Online Program

Hospital-based violence intervention programs: Policy perspectives and potential cost savings

Tuesday, November 5, 2013

Jonathan Purtle, DrPH, MPH, MSc, Department of Health Management & Policy, Drexel University School of Public Health, Philadelphia, PA
Rochelle Dicker, MD, FACS, San Francisco Injury Center & Department of Surgery, University of California, San Francisco, San Francisco
Carnell Cooper, MD, Cowley Shock Trauma Center, University of Maryland School of Medicine, Cheverly, MD
Theodore Corbin, MD, MPP, Department of Emergency Medicine, Drexel University College of Medicine, Philadelphia, PA
Micheal Greene, PhD, Greene Consulting, ...
Anne Marks, MPP, National Network of Hospital-based Violence Intervention Programs, Youth ALIVE!, Oakland, CA
Diana Creasser, MS, RN, IU Wishard Level I Trauma Center, ...
Deric Topp, MPH, Boston University School of Public Health
Dawn Moreland, RN, BSN, MedStar Washington Hospital Center
Interpersonal violence is a recurrent problem that places financial strain on urban hospitals. In 2011, approximately 1.7 million incidents of non-sexual interpersonal violence were treated in hospitals across the United States. It is estimated that up to 45% of violently injured patients are violently re-injured within five years. The average cost of care for a violent injury requiring hospitalization is $24,350; $1,000 for a violent injury not requiring hospitalization. As a large proportion of violently injured patients are under or uninsured, hospitals are often uncompensated for the care they provide to victims of violence. With the Affordable Care Act's Medicaid expansion uncertain in some states, and cuts in disproportionate share hospital payments looming, urban hospitals have a financial incentive to prevent hospital recidivism for violent injury. Hospital-based violence intervention programs (HVIPs) offer an evidence-supported, cost-effective strategy to save lives and money.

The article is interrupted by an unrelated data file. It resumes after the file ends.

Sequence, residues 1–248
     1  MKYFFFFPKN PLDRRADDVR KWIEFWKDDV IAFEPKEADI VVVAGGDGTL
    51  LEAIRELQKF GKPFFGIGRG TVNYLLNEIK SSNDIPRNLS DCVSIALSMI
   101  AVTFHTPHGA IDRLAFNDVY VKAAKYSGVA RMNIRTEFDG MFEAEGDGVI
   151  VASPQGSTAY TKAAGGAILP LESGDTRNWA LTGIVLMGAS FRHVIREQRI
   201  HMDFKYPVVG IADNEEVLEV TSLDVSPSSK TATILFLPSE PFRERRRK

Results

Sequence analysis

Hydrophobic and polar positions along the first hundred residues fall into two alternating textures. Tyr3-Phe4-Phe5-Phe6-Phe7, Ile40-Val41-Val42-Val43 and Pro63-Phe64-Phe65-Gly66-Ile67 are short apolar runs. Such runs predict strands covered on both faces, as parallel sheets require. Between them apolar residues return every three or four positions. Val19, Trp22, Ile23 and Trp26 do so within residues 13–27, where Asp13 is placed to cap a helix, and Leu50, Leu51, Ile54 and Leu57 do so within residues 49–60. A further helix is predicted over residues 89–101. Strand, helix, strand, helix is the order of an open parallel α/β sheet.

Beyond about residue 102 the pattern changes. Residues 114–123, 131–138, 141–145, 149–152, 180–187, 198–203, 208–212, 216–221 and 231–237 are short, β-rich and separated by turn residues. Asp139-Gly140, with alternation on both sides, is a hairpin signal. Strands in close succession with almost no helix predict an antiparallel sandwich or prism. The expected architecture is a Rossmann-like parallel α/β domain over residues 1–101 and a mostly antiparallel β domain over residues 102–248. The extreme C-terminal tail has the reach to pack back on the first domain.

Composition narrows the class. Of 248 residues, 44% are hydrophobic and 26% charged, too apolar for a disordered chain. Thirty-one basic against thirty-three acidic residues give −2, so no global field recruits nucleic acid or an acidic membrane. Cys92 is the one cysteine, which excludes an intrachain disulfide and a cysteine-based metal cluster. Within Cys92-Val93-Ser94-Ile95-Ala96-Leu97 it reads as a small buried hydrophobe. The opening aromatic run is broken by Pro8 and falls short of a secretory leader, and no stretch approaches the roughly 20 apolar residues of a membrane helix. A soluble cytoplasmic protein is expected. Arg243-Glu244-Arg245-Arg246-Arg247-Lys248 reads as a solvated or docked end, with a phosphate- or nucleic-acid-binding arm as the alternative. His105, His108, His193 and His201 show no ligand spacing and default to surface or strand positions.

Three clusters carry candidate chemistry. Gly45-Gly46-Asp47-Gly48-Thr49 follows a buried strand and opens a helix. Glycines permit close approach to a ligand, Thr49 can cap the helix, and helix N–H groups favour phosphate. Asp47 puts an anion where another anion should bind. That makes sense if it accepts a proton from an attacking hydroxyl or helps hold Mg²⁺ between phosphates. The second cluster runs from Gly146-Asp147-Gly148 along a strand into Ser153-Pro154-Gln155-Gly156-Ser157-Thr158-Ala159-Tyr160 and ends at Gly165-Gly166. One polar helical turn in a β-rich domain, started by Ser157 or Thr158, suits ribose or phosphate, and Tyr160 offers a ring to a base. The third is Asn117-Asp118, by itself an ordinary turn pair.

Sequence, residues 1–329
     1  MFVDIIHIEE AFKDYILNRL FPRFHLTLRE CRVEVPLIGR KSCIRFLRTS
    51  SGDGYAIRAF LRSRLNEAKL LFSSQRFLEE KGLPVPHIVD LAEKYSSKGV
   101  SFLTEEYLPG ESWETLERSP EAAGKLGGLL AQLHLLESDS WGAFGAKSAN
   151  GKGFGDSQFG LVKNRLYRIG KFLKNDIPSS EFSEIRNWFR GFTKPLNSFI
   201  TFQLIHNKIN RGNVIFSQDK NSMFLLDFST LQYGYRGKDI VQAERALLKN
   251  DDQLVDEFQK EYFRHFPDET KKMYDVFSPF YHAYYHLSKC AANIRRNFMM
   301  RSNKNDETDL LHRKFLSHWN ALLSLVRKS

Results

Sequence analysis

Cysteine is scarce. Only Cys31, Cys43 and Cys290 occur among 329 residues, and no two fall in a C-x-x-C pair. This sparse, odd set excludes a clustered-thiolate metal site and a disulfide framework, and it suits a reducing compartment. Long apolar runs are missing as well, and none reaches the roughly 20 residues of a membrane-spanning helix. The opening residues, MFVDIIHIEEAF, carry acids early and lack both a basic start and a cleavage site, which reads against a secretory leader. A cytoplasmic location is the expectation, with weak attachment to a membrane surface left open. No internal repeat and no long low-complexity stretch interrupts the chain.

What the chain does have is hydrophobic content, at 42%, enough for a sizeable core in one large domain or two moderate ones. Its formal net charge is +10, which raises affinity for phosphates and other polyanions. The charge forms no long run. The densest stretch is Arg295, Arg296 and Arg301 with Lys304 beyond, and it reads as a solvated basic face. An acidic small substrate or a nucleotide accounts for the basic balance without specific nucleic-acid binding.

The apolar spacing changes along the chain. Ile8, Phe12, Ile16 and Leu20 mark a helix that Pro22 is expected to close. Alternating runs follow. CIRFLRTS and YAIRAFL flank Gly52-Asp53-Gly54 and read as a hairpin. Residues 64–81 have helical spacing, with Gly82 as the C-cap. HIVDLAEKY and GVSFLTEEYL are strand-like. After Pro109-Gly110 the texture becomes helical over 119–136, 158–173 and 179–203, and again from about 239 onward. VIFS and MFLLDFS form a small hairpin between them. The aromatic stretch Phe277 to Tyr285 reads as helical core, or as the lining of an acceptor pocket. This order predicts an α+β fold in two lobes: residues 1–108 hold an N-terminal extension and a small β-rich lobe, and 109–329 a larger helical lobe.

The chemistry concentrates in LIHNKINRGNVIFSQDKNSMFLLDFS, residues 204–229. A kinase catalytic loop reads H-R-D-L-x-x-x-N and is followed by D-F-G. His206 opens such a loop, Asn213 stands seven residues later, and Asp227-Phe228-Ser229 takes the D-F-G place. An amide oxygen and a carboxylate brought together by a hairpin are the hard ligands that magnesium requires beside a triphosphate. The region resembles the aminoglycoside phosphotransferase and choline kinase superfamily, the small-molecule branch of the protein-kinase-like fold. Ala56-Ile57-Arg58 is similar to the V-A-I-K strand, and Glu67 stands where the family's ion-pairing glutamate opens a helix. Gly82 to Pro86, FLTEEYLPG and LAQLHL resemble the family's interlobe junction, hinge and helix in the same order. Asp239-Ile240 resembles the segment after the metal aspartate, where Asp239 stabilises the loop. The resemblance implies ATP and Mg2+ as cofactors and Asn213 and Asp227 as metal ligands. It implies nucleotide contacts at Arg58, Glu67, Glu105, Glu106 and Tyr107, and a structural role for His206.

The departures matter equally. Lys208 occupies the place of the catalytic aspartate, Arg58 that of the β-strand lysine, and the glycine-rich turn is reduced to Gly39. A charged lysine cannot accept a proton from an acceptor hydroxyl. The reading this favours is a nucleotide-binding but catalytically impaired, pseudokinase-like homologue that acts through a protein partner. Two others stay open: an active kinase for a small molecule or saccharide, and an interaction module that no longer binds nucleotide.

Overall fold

HVIPs engage violently injured patients in hospitals, conduct needs assessments, and provide intensive case management services—connecting patients to mental health and substance misuse services, education and job training programs, and housing relocation assistance—to prevent violent re-injury. HVIPs have demonstrated effectiveness across a range of outcomes in randomized controlled evaluations. HVIPs also facilitate hospital reimbursement by assisting hard to reach patients with Medicaid and Victim Compensation Assistance enrollment and may help satisfy non-profit hospitals' community benefit requirements. There are currently more than 20 HVIPs operating across the country under the umbrella of the National Network of Hospital-based Violence Intervention Programs (NNHVIP).

This presentation, prepared by the NNHVIP Policy Workgroup, will provide hospital administrators with the knowledge and tools necessary to establish an HVIP. We will describe the empirical and theoretical foundations of the HVIP model, synthesize research on HVIP effectiveness and cost-savings, discuss strategies to obtain hospital buy-in and overcome barriers, and highlight policy priorities for HVIP sustainability.

Learning Areas:

Administer health education strategies, interventions and programs
Administration, management, leadership
Program planning

Learning Objectives:
Describe the hospital-based violence intervention program (HVIP) model. Explain the current state of evidence of regarding HVIP effectiveness. List ways in which HVIPs can produce benefits for hospitals.

Keyword(s): Youth Violence, Hospitals

Presenting author's disclosure statement:

Qualified on the content I am responsible for because: I am manager of the Policy Workgroup of the National Network of Hospital-based Violence Intervention Programs. I have over 6 years progressive expedience in public health research and my current job is focused on the research and evaluation of hospital-based violence intervention programs. I have presented at APHA before and published in AJPH on issues pertaining to health care policy and racial and ethnic health disparities.
Any relevant financial relationships? No

I agree to comply with the American Public Health Association Conflict of Interest and Commercial Support Guidelines, and to disclose to the participants any off-label or experimental uses of a commercial product or service discussed in my presentation.